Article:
Who is identified when screening for depression is undertaken in general practice? Baseline findings from the Diagnosis, Management and Outcomes of Depression in Primary Care (diamond) longitudinal study

Med J Aust. 2008 Jun 16;188(S12):S119-25. doi: 10.5694/j.1326-5377.2008.tb01874.x.


Objectives: To report the baseline characteristics of the Diagnosis, Management and Outcomes of Depression in Primary Care (diamond) study cohort and discuss the implications for depression care in general practice.

Design: A prospective longitudinal study beginning in January 2005.

Participants and setting: Adult patients with depressive symptoms identified via screening with the Center for Epidemiologic Studies Depression Scale (CES-D > or = 16) in 30 randomly selected Victorian general practices.

Main outcome measure: Depression status on the Patient Health Questionnaire (PHQ).

Results: 789 patients form the cohort (71% women). At baseline, 47% were married, 21% lived alone, 36% received a pension or benefit, 15% were unable to work, 23% reported hazardous drinking, 32% were smokers, 39% used antidepressants and 19% used sedatives. 27% satisfied criteria for current major depressive syndrome (MDS) on the PHQ, while 52% had "persistent" depressive symptoms, and 22% had "transient" depressive symptoms, lasting at most a few weeks. Of those satisfying criteria for MDS, 49% were also classified with an anxiety syndrome, 40% reported childhood sexual abuse, 57% reported childhood physical abuse, 42% had at some time been afraid of their partner, and 72% reported a chronic physical condition; 84% were receiving mental health care (either taking antidepressants or seeing a health practitioner specifically for mental health care) compared with 66% of those with persistent depressive symptoms and 57% with transient depressive symptoms.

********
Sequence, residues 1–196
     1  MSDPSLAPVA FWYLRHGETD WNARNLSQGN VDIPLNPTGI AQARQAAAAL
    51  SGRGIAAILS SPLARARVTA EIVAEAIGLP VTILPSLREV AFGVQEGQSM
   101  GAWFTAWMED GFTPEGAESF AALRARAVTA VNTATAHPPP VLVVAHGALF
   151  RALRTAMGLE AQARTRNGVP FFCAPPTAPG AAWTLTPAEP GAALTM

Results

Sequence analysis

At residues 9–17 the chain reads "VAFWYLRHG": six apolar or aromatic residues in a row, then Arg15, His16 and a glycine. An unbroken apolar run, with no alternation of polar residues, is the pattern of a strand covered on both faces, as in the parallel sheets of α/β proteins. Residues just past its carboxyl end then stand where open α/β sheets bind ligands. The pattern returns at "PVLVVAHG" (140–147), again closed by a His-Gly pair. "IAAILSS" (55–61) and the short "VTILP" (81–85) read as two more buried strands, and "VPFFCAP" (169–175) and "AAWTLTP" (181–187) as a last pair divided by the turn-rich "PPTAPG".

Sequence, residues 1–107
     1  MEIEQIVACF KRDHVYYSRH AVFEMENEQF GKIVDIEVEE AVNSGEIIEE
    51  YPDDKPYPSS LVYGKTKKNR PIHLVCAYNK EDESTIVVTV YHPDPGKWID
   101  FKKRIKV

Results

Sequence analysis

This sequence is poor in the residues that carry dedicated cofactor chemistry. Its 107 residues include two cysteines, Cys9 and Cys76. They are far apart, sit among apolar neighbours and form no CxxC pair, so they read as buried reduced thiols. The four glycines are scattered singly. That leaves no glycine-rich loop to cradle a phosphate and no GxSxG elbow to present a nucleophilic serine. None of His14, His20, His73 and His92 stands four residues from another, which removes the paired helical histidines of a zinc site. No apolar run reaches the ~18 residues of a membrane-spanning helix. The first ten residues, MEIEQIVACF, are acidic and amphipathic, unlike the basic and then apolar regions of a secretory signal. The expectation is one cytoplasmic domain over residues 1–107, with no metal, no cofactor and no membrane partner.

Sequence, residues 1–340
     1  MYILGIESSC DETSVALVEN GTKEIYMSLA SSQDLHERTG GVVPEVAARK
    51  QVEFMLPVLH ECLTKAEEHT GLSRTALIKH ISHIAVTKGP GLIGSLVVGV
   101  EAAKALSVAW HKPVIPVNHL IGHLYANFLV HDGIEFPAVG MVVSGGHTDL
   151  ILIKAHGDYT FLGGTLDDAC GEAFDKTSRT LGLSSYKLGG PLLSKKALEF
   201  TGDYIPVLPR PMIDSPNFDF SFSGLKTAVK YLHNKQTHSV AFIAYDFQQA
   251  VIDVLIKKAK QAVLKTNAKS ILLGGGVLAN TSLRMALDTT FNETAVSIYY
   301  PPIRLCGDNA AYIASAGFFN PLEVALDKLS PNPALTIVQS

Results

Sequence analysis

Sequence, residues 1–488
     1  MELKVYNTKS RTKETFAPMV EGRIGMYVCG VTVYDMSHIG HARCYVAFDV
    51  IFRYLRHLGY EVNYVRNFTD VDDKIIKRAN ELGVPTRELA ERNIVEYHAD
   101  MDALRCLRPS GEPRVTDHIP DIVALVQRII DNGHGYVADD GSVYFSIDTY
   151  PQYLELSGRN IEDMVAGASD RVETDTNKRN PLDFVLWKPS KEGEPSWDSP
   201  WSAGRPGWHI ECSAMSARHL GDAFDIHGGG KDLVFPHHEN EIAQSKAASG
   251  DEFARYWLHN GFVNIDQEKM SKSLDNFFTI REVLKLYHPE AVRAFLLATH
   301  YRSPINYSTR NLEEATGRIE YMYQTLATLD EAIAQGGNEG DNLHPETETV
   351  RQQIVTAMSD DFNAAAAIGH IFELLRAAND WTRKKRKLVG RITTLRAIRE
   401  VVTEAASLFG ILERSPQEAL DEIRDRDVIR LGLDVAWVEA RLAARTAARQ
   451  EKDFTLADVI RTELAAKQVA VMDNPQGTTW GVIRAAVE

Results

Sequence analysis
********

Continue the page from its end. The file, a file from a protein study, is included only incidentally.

Conclusion: This method of screening for depressive symptoms in general practice identifies a group of patients with substantial multiple comorbidities -- psychiatric, physical and social problems coexist with depressive symptoms, raising challenges for the management of depression in general practice.

Publication types

  • Research Support, Non-U.S. Gov't

MeSH terms

  • Adolescent
  • Adult
  • Aged
  • Brief Psychiatric Rating Scale
  • Depression / diagnosis*
  • Depression / epidemiology
  • Family Practice / methods*
  • Female
  • Humans
  • Interviews as Topic
  • Male
  • Mass Screening*
  • Middle Aged
  • Prospective Studies
  • Victoria / epidemiology